Four-year-old children were given a choice of whether they wanted to solve an already solved jigsaw puzzle or if they wanted to try something harder. There was one group of kids who held the belief that those who are born smart don’t make mistakes. They believed that their traits were fixed and they wanted to stay in the comfort of their already achieved success. 

Another group of children thought that it was strange to be given this choice. “Why would we want to attempt an already solved puzzle again?”, they asked. They went for the difficult one, one after another. They were eager to figure the puzzles out due to the growth mindset that they held. What can be concluded from this is, that as children grow up and develop the ability to evaluate themselves, some develop a fear of challenges. They are so afraid of not being regarded as the smart ones that any challenge or opportunity that comes their way could challenge their abilities, they prefer running away from it to find comfort in what they already know. 

Thus the question is, should you confront your flaws and shortcomings or should you create a world around you where you have none? This is often seen in organizations where leaders want to stay on top of the pedestal and be perceived as perfect. After initial success in a product, a leader might want to bring out similar products time and again rather than experimenting with the norm.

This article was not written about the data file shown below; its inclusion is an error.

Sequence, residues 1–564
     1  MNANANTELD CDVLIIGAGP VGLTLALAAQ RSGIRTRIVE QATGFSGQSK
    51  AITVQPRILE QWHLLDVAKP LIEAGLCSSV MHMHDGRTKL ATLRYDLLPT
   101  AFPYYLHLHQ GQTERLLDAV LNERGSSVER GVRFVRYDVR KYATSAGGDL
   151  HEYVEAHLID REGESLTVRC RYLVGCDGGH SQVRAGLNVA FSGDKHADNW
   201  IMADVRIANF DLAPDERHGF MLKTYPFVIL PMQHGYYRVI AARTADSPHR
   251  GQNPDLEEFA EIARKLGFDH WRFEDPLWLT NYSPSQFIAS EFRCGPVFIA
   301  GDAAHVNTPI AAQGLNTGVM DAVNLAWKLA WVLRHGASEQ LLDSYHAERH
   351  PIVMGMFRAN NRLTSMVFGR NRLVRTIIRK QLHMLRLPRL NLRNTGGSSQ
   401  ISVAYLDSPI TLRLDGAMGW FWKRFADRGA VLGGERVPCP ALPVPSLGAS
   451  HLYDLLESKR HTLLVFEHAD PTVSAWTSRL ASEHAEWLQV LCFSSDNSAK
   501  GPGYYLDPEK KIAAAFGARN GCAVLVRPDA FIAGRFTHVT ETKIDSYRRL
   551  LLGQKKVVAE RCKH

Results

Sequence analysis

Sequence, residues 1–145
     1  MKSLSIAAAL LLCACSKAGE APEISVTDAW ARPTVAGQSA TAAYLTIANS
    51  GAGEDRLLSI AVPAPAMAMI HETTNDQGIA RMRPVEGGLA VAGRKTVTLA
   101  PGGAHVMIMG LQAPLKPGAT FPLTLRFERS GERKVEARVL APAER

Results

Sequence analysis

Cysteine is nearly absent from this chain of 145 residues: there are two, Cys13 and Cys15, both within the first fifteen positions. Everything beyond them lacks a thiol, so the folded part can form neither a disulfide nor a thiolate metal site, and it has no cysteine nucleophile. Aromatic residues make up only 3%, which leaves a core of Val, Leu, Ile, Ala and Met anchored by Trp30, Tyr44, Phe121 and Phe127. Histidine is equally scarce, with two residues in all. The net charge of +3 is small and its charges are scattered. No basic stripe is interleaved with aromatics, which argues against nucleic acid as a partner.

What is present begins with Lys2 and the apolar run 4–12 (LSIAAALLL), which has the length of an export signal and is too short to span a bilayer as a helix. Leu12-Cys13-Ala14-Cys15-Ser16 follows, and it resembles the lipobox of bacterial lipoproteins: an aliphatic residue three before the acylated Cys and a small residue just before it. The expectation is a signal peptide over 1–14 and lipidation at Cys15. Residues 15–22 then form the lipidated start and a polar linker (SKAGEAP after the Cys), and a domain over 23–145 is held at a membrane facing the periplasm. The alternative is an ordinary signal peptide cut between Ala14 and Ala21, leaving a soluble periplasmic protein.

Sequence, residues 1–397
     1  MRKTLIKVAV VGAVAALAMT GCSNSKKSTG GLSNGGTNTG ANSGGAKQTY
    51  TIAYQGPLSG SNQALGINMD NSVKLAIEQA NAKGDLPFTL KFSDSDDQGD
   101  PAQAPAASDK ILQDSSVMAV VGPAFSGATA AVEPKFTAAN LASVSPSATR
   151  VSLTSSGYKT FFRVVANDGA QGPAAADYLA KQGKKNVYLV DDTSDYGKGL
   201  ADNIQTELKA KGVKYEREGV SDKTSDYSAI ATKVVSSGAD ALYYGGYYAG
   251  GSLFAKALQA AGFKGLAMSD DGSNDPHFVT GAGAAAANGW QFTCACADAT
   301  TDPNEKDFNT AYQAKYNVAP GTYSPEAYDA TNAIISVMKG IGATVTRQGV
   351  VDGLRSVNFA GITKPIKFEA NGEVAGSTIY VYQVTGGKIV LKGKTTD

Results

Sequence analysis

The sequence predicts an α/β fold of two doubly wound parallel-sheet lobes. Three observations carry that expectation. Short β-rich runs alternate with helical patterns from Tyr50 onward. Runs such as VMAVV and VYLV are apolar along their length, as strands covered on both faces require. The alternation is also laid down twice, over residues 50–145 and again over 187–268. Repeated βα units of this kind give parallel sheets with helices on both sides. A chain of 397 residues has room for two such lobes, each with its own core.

Whereas, leaders with a growth mindset rethink their products and brainstorm as to how they can bring innovation to the market. They experiment and adapt to the ongoing demands of the business world. The result is simply that their new and innovative products create a boom in the market, leaving the once-dominant company behind. 

What are you trying to prove? 

A fear that persists among all of us is that of being perceived as ordinary. When people were asked to describe instances where they felt smart, so many of them talked about the times when they felt special. They described the situations where they were seen as different and smarter than others. 

This is the kind of thinking that conditions you to seek constant validation for your abilities and competence. Every recognition from others becomes gravely significant. The self-worth that you try to achieve from the external environment is fleeting rather than an evaluation of you. Your worth becomes dependent on the perception of others and you feel superior and successful for a brief period.